It is hysterics — here is Conrad Black:
Journalists froth as the Mueller special-counsel investigation rumbles toward its third year.
Contrary to the reasonable hopes and the expectations of some that the midterm elections would accelerate a normalization of the American political climate, nothing of the kind seems to be happening. Almost no one is saying much that is sensible. The chief justice, John Roberts, claimed with a straight face that once aboard a federal bench, judges and justices shed any previous political or public-policy biases they might previously have had. His own Supreme Court and the titanic struggles over confirming nominees of administrations of either party to it, make nonsense out of such a claim. Roberts’s own record in his present exalted office indicates that his theory of the miraculous immaculate transformation of incoming federal judges is bunk, apart from his rescue of Obamacare by his spurious finding that it was a tax (presumably to avoid a massive confrontation of the kind that Presidents Jefferson and Jackson had with Chief Justice Marshall and President Franklin D. Roosevelt had with Chief Justice Charles Evans Hughes).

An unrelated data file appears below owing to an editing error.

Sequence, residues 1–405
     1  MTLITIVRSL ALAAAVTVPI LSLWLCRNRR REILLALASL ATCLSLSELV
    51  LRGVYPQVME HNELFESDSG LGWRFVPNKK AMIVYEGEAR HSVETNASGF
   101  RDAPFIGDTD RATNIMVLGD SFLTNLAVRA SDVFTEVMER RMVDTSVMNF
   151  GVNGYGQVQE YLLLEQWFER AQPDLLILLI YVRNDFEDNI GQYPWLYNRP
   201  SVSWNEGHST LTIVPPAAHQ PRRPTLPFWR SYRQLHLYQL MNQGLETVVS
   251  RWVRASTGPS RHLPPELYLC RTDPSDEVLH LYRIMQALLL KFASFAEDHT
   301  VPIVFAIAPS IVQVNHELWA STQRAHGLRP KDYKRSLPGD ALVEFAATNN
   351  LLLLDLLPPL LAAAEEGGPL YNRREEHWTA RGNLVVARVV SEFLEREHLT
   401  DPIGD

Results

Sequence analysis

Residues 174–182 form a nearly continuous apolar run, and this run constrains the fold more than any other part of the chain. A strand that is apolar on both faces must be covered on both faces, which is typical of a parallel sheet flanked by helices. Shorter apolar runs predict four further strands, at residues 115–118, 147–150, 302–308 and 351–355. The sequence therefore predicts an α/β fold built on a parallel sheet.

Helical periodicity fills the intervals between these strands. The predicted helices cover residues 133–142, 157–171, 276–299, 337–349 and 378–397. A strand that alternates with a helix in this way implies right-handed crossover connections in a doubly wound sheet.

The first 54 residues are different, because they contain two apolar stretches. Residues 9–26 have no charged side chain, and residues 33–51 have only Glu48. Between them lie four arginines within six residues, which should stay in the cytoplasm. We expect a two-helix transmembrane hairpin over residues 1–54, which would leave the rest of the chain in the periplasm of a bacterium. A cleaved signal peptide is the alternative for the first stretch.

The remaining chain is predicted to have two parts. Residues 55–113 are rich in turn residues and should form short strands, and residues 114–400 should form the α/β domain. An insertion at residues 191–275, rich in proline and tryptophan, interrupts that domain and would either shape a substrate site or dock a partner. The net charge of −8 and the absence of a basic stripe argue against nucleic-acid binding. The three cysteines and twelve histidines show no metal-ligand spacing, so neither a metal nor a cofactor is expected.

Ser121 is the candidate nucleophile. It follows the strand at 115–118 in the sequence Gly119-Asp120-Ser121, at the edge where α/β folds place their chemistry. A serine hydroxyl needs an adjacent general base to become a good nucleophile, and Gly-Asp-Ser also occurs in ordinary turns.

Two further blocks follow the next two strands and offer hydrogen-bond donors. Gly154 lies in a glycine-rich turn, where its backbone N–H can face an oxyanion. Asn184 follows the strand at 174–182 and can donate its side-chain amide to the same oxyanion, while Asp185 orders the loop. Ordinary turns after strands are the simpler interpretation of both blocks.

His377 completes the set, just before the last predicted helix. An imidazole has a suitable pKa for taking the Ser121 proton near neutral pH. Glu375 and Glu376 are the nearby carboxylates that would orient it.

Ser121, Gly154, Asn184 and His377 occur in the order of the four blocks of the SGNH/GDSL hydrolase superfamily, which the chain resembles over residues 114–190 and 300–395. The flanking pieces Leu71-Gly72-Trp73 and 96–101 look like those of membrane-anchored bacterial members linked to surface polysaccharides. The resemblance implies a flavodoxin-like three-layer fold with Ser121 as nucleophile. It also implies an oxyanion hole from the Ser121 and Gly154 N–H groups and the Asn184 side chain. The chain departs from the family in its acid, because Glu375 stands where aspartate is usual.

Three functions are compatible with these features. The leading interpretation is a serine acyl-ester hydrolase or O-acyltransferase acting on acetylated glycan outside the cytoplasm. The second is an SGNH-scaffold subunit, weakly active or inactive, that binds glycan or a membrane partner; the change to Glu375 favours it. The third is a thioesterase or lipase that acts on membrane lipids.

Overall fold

Equally fictitious, though from a less prominent person, was Fox News’s Chris Wallace’s theory, repeated as if on autocue in his interview with President Trump, that the label “Fake News” demeaned every practicing journalist in Washington and, unspecifically, beyond Washington because the craft of political journalism covering the U.S. federal government is indivisible. Wallace is an intelligent and fair professional of great experience and engaging public manner; why he would put forth such an absurd proposition escapes comprehension. It might as well be argued that encountering a car that was a lemon meant that all cars from that manufacturer were bad, or swallowing a bad oyster meant that oysters were inedible. The president tried admirably to liberate the ordinarily sensible Wallace from the grip of this mad dogmatism.
Read more “The Anti-Trump Hysterics Roll On”: National Review
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